Compartmentalizing: As a humanitarian, I can't change behaviors in every person, feed every child, rescue every animal or save every tree. The list can become overwhelming when you think of all that needs to be done, or see an animal suffering or children coming to school without food every day. It is so easy to fall into the trap of “I must do this this and this and this and this,” and then in the end, not follow through on what you can accomplish to build capacity. What we can do is all we can do. It may sound bad, but you really have to pick and choose your battles; whether it is what can be done, or giving in to locals when they are adamant about something in a project you want to do differently. I like to think of the Starfish Story when thinking about the work I have done here: I may not have reached everyone, but those I did, I made a difference for these kids, families or animals, and that is what matters. Someday, those kids that I worked with will hopefully spread the lessons and love I showed them to others.
Reactions: Bad things happen to people all the time, all over the world. We can't control many of the bad things that happen, but what is within our control is how we react. I could either curl up, call it a day, want to give up and go home, or I could choose to dig deep, find a lesson in what happened and know that if I can get up and keep going it will make me stronger and more resilient. Looking back, I will know that if I could overcome this thing that happened, I can overcome anything. Empower yourself.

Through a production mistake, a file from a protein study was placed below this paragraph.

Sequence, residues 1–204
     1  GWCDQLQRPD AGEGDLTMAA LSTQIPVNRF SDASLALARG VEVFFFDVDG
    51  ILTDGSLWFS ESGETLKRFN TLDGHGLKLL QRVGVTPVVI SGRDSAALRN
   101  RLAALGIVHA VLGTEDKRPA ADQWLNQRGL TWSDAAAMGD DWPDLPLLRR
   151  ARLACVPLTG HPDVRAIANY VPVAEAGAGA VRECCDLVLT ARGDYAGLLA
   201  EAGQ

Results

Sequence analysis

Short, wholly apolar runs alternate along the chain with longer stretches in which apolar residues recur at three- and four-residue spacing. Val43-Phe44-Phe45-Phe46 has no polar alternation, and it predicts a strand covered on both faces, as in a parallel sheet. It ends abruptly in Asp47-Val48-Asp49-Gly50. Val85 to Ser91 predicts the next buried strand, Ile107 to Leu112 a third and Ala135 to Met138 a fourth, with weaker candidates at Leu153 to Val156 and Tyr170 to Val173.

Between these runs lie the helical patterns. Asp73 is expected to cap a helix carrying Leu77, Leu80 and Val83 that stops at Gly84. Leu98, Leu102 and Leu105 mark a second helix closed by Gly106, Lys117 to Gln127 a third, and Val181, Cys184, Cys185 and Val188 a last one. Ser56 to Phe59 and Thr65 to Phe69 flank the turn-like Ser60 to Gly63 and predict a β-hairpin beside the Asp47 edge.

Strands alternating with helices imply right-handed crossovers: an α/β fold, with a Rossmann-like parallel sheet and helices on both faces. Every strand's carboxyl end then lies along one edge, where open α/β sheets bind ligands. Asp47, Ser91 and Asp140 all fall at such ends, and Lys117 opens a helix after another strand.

Necessity: We are very resourceful as human beings. I didn't think I was in this category before I came to Guyana, but now, after 2 years in Guyana, I know for a fact I can put this on my resume. I have found ways to re-attach a bicycle basket with limited supplies while riding from the village water pump; I made a cone from a strainer for my dog after she was spayed and almost pulled her stitches out; I desperately craved pizza and figured out how to cook one on the stove in a pan WITHOUT an OVEN or Trader Joe's ready-made pizza dough and sauce; I made my own table out of scrap wood; I made my own closet system out of rope; I discovered how to cook a cake by double boiling it; I replanted basil from the market and now have the biggest bush of basil I have ever seen... and, out of craving, taught myself to make pesto and homemade marinara sauce. Finally, sick of cold showers every day, I made myself a hot bucket bath by boiling water. All the comforts of home can be found out of desperation, when you just put a little thinking into it.
Peace Corps: There are certainly ups and downs. There are days when you wonder, am I getting through to people? What am I doing here? Am I actually making a difference? There were days when I couldn't get out of bed; I felt like I was constantly being watched and judged 24/7 because I was a foreigner, almost like I was a novelty. I learned to ignore the stares and came to embrace the fact that I had a responsibility to get out of bed and show them who I am as an American, what I believe and how I really do care about what happens outside of my American bubble. Because I chose to get out of bed, I discovered that there would also be days that made me realize that no matter how small a difference I may be making, it is worth it. When the community comes together to help run a library; when my students are now reading chapter books and washing their hands with soap; when my neighbor called me to tell me she rescued a kitten like I did; when students tell me their mom or dad read them a story before bed; or when parents tell me how their kids always talk about Miss Aly and how she is teaching them to read and be nice to each other, because she loves them. So was the Peace Corps worth it? Yes, absolutely, without a doubt yes.